Close-up of hands working threads on a loom

The strategic planning process is in full swing here. Our RFI is active for a few more weeks and getting a lot of attention from individuals and organizations. We’re seeking stakeholder input through four planning panels that will meet during the spring. Those panels will look at NLM’s role in the following key areas:

  1. Advancing biomedical discovery and translational science / Chair: Arthur Levine, MD, University of Pittsburgh
  2. Advancing data science, open science, and biomedical informatics / Chair: Russ Altman, MD, PhD, Stanford University
  3. Supporting the public’s health: clinical systems, public health systems and services, and personal health / Chair: Suzanne Bakken, PhD, RN, Columbia University
  4. Building collections to support discovery and health in the 21st century / Chair: Patricia Thibodeau, MLS, MBA, Duke University

We have also begun internal functional audits to examine the investment and impact in activities critical to our mission, such as public outreach and curation of the biomedical literature.

I have been encouraging our 1700 men and women to think of the strategic planning process as building a blueprint for “One NLM,” that is, to envision the entire NLM efforts aligned and integrated towards a common vision: the National Library of Medicine, in toto, as we prepare for our third century.

One NLM weaves the work of each division into a common whole.

One NLM emphasizes the integration of all our valuable divisions and services under a single mantle, and acknowledges the interdependency and engagement across our programs. Certainly, each of our stellar divisions–for example, the Lister Hill Center for Biomedical Communications, Library Operations, or Specialized Information Services–have important, well-refined missions that will continue to serve science and society into the future. The moniker of One NLM weaves the work of each division into a common whole. Our strategic plan will set forth the direction for all of the National Library of Medicine, building on and augmenting the particular contributions of each division.

So why do we need One NLM?

Achieving excellence as a resource for discovery and science demands that we efficiently leverage the work of each division toward common goals. Additionally, One NLM encourages sharing the expertise found in any one division across all our efforts. Finally, the idea of One NLM entreats us to bring together all the Library’s resources to meet the key challenges of the future across biomedical knowledge collection, curation, and dissemination–ensuring a talented workforce, enabling every staff member to work Six threads of different colors pass through the eye of a single needleat the top of his or her skill set, creating collections that accelerate discovery and address global health needs, and anticipating (and resolving!) the health information challenges of the future.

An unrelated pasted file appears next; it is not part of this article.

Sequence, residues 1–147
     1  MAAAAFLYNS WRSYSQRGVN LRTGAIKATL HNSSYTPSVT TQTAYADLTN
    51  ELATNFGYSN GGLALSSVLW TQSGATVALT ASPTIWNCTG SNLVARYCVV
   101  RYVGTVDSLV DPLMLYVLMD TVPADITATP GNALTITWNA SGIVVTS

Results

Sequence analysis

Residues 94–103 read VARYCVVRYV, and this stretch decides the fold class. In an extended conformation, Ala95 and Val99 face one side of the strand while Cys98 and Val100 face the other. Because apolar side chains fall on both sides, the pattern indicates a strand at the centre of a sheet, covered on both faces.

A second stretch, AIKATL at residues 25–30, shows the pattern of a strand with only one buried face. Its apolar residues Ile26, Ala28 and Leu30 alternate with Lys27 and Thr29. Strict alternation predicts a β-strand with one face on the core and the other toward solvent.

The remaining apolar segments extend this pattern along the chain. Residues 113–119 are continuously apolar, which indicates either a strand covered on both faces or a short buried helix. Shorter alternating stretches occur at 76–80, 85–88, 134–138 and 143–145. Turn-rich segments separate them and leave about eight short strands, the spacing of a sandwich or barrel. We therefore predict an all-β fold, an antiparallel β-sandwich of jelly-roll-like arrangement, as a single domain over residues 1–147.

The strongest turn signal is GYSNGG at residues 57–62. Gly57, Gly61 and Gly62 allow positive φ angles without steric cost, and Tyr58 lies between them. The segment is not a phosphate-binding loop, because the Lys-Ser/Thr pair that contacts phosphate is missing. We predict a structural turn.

Take a minute to let me know how this One NLM theme strikes you, and how you think we can use this unifying concept to ensure the excellence of the NLM into our third century.

4 thoughts on “One NLM

  1. Thanks for sharing your vision for One NLM, Patti. I support the concept of pointing divisions within NLM towards shared, measurable goals. We all contribute to the mission of “enabling biomedical research, supporting health care and public health” through health information, shared goals shouldn’t be hard to find (and new shared goals shouldn’t be hard to develop). As a Regional Medical Library within the National Network of Libraries of Medicine, our team is connected within health sciences libraries and community health organizations across a ten state region. We continue to focus on outreach and education in partnership with these agencies, and we’re counting on being a valuable part of One NLM. I’m interested in seeing how our contributions tie to shared goals within the greater NLM organization.

  2. I applaud this concept of “One NLM” but maybe on a more practical reason. Simply having just one Help Desk and just one email to use for help, complaints – and compliments! – would be so much easier for my staff and for the folks we support

  3. I like it! Simple in concept (if not at all in implementation), and a additional way of focusing the work of the library and explaining it to the world.

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